In terms of securing the lives of NYSC members, it is important that all states build substantial corper lodges. They also need to provide subsidized housing for the corpers. This subsidized housing will be cheap enough for corpers to afford and would help improve security of corpers as these places would be given sufficient security detail. It would have the advantage of having congregating corpers together and giving the needed “safety in numbers” effect. A buddy system would have to be adopted in which corpers would look after each other and ensure the safety of their fellow corper. It would also help to provide corpers with sufficient combat and weapons training. Another approach would be to make it necessary for traditional leaders to know the corpers and also afford them the security of whatever local militia helps to keep security in the said ward/village. Lets face it, in the real rural areas militia hold more sway than the police.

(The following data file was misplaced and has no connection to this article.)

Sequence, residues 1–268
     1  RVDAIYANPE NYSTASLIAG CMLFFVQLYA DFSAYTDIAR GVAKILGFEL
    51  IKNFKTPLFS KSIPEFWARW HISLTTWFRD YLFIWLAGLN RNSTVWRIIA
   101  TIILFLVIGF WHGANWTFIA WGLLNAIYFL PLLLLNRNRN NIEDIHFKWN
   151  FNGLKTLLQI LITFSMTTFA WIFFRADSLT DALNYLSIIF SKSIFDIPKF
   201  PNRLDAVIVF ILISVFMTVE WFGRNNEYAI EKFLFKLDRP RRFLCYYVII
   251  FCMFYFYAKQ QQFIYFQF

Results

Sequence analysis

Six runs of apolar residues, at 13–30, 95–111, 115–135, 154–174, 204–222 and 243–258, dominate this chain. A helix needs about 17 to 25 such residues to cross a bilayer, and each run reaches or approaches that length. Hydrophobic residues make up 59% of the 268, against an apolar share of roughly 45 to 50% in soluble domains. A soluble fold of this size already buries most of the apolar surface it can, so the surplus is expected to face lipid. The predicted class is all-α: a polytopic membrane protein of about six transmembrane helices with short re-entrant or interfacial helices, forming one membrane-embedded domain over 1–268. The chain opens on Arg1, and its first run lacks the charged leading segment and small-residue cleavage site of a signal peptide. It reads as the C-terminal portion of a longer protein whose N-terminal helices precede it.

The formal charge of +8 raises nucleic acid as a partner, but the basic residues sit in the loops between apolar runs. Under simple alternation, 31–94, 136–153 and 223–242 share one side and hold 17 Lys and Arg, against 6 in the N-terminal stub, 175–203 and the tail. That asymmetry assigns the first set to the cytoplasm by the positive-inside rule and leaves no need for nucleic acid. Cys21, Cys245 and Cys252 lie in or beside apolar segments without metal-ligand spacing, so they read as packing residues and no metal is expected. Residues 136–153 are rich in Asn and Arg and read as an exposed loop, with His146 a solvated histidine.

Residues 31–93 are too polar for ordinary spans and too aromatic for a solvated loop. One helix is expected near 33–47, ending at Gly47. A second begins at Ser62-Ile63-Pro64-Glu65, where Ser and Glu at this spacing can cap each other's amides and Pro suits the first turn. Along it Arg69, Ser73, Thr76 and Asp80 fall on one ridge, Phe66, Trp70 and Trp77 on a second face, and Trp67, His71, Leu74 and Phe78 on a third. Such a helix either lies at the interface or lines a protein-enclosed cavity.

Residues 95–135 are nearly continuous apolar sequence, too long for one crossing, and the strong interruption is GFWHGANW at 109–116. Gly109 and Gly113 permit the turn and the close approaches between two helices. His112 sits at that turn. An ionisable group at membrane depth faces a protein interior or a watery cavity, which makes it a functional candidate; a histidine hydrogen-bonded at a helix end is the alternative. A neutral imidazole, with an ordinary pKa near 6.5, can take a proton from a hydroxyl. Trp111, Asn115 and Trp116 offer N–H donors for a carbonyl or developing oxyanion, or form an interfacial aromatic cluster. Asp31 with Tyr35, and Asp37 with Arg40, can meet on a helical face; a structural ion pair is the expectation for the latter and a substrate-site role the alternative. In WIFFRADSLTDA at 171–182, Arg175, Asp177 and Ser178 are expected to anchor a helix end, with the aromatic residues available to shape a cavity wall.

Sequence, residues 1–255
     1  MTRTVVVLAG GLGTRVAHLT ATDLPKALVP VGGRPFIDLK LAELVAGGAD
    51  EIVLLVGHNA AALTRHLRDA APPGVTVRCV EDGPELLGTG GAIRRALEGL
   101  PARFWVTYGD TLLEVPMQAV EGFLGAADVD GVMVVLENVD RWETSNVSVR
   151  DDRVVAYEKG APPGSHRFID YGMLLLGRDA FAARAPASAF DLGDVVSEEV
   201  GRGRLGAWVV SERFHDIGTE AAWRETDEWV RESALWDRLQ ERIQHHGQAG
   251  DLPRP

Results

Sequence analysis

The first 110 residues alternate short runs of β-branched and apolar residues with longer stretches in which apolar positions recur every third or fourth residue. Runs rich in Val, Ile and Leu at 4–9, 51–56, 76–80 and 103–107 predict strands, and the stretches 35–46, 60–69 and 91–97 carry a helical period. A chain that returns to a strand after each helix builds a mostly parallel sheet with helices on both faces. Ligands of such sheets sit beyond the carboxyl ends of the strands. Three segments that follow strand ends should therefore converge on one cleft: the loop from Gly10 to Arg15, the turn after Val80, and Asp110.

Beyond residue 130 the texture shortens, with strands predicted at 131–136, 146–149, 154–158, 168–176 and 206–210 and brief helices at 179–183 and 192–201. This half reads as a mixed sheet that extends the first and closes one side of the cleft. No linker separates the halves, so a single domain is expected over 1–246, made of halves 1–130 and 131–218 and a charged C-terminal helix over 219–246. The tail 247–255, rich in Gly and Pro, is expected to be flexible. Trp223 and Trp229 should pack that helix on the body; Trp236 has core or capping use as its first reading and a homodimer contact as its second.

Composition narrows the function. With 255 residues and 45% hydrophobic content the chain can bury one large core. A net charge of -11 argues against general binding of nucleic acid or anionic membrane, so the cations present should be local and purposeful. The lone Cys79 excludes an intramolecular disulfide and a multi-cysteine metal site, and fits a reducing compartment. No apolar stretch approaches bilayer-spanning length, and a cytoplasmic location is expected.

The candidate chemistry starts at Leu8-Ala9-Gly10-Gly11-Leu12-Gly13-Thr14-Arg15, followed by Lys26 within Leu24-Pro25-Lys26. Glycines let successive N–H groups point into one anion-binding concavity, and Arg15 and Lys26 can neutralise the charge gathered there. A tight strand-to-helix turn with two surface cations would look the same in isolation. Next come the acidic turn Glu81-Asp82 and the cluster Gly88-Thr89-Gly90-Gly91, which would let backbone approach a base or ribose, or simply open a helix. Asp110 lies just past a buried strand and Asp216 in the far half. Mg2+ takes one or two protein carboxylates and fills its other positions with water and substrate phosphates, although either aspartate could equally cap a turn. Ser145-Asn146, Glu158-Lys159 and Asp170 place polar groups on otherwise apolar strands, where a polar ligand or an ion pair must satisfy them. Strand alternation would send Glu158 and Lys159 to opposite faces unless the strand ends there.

Apart from security, the NYSC program suffers a lot of other problems. The problems include insufficient wages, corruption, community development (Yes CD is a problem), a lack of sufficient jobs for corpers once they finish and poor placement of corpers based on skill.

In addressing the insufficient wages for corpers it is key to note that simply increasing corper allowance is not acceptable. It is not enough to only factor in federal government pay to corpers but it is imperative to look into the amount corpers receive from their places of primary assignment. It is pitiful that in this day and age some corpers receive as low as 3,000 naira from their places of primary assignment, add this to the approximately 10,000 they receive from federal government and you have maybe 13,000 a month for a graduate living and working in a place like Abuja and Lagos. You have to be kidding me. I propose that government factor in the living cost of different areas in the country as well as regulate the amount organizations give their corpers to ensure fair treatment. It is also important to note that in the time of some of our parents, NYSC allowance was about half of what a staff in places of primary assignment received. If a corper was earning 100 naira a month then, a full staff earned like 200 naira. If you are going to give workers a living wage, you have to give corpers a living wage because in most instances these corpers are away from home and need to be reasonably comfortable. Comfort and security as well as employment will help better integrate the country as you will see cases of corpers staying back in the areas they served to work. Hence a better mixing of the polity outside of ethno-religious lines will occur.